AFTER AN unexpected shower in the capital, the Jardin des Plantes was positively drenched and now glistening in the afternoon sun. Not quite what Matthew M. Williams and his team expected, but nonetheless the scene was set for the designer to unveil the spring-summer 2023 collection for Givenchy.
Until now, his tenure at the French luxury fashion brand has been built on his hyper-modern aesthetic that alludes to notes of athleisure and nightlife. However, this season, Williams uses a more refined design language to create his collection that takes the principles of evening-wear and staple pieces and proposes them to a cultural exchange between France and America – essentially he created the cosmopolitan wardrobe.
Presenting an urban uniform built due to a reflection of unification between his heritage and that of founder, Hubert de Givenchy’s, classic Parisian silhouettes were given the cool LA touch and then drenched in references of Old Hollywood glamour. Recalibrating the core codes of the brand, dresses, skirts and blouses were gathered at the centre, while emblematic black dresses had integrated asymmetrical stole panels draped from the neckline putting their ateliers on a pedestal.
Tailoring was also intensified this season with box jackets crafted from tweed, archival skirt suits were reimagined with the addition of the 4G logo, coats were given the option of becoming a cap due to well-placed zips and most notably, blazers were imbued with boned corsets helping accentuate the female form.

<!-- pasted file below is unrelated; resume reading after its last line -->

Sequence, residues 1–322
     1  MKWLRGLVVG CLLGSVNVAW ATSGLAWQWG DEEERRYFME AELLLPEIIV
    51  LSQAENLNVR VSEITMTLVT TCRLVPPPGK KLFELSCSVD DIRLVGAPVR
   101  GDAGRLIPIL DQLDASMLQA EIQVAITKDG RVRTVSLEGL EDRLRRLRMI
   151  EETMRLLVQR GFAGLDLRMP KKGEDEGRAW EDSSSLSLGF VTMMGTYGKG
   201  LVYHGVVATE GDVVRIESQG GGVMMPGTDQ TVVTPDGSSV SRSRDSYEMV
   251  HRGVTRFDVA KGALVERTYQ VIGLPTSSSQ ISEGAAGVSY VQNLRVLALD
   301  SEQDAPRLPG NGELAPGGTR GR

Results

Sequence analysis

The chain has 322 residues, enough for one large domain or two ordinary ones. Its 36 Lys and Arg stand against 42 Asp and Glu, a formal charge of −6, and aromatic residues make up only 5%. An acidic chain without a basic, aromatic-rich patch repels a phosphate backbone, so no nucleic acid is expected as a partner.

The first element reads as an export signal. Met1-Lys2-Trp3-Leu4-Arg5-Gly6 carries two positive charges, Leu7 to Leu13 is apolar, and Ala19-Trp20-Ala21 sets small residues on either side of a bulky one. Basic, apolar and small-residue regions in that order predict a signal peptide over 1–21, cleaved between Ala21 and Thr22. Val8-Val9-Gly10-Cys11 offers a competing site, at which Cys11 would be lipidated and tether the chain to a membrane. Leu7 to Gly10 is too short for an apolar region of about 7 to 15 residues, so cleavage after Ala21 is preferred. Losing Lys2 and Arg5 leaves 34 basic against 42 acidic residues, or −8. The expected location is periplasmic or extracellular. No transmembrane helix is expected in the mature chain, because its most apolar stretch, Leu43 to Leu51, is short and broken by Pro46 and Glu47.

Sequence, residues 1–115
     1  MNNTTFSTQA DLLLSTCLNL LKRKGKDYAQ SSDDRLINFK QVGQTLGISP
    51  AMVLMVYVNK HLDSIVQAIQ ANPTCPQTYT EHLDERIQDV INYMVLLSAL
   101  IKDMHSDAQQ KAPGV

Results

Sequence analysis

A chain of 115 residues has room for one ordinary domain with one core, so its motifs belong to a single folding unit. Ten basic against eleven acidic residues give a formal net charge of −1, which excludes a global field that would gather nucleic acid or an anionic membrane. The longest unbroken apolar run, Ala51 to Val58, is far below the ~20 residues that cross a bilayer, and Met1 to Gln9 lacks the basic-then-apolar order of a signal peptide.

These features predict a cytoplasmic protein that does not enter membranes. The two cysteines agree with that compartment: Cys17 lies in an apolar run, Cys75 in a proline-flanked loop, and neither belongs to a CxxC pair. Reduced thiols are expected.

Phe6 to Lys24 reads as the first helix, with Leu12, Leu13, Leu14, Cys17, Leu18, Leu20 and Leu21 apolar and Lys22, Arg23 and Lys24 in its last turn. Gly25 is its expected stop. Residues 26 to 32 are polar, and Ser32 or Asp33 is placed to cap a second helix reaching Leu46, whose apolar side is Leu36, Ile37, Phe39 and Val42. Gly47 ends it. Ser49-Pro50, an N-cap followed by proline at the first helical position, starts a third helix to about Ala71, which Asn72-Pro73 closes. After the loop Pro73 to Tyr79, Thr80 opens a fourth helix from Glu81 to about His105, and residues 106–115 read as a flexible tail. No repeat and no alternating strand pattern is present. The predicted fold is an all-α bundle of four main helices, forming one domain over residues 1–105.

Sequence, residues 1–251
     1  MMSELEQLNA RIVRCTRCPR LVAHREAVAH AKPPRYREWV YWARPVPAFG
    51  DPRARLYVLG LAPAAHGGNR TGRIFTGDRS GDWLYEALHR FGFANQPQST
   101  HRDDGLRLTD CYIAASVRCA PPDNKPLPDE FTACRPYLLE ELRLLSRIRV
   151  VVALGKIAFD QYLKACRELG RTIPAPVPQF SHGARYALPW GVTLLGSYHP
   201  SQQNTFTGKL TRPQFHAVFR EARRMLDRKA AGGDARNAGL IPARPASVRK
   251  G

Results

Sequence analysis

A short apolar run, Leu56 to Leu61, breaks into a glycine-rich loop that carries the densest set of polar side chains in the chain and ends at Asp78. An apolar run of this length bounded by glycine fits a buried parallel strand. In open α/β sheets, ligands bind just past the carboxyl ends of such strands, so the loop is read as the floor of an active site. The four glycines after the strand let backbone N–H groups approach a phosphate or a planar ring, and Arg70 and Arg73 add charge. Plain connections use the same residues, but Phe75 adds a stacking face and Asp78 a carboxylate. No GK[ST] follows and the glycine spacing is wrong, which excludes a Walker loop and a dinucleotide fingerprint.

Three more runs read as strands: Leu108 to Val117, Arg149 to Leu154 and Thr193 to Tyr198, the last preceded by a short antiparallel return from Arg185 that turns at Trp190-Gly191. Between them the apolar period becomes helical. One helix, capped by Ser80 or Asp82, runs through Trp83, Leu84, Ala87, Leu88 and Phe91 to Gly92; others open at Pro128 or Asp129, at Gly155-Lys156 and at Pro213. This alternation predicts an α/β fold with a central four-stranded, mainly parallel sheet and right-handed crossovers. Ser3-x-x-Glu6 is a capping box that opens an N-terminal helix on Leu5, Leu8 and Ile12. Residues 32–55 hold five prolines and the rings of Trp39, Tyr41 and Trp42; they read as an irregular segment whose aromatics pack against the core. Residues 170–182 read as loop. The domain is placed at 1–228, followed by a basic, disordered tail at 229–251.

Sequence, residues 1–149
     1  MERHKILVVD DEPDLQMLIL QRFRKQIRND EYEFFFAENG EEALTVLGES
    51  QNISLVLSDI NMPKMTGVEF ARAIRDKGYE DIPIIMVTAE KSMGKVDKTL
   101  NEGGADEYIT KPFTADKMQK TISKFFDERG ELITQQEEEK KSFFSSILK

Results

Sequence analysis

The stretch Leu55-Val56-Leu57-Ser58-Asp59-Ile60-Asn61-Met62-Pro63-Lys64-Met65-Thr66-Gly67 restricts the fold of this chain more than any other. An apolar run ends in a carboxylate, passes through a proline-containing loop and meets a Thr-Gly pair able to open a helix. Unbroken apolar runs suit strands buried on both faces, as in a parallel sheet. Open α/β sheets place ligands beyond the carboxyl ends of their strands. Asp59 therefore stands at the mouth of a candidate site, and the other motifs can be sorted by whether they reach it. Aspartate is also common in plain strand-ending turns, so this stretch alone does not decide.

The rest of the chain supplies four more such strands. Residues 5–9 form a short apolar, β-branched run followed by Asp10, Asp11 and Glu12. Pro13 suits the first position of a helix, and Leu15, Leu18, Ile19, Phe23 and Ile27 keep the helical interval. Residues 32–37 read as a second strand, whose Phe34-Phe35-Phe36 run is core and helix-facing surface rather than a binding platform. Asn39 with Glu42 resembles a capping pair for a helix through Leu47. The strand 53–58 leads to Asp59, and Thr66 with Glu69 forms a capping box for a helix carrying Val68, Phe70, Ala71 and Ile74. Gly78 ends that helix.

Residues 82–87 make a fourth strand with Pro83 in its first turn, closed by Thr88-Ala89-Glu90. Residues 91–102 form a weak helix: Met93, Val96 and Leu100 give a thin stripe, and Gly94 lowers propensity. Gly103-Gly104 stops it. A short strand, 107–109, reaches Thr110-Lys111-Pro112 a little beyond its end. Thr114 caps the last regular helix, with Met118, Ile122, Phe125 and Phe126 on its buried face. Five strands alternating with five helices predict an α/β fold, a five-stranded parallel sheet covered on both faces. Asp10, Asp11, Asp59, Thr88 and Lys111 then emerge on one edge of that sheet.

While these looks may have aligned closer with the history of Givenchy, elements of the universal unisex wardrobe were also present such as trench coats, bomber jackets, biker jackets and cargo trousers, all reinterpreted for SS23 to be more fitted than oversized, and featured elevated surface embroidery.
Speaking on the collection, Williams explains, “The collection is an investigation into the dress codes that tie us together across mentalities and continents: two culturally-specific wardrobes from very different places – Paris and Los Angeles – which have transmuted into a truly universal look for a global and generational community. I wanted to communicate this interaction with a new clarity and strip the final expression of any complexities”.
Though Williams may have looked at the past of Givenchy and begun with the work of Hubert, his firm eye on what is happening now and his unwavering understanding of the contemporary taste of his consumers, has led to him creating his best collection for the House to date. The transition into red-carpet worthy evening-wear and the clear wearable separates balances the everyday with head-turning attention, with pieces sure to be seen on the streets of both Paris and LA.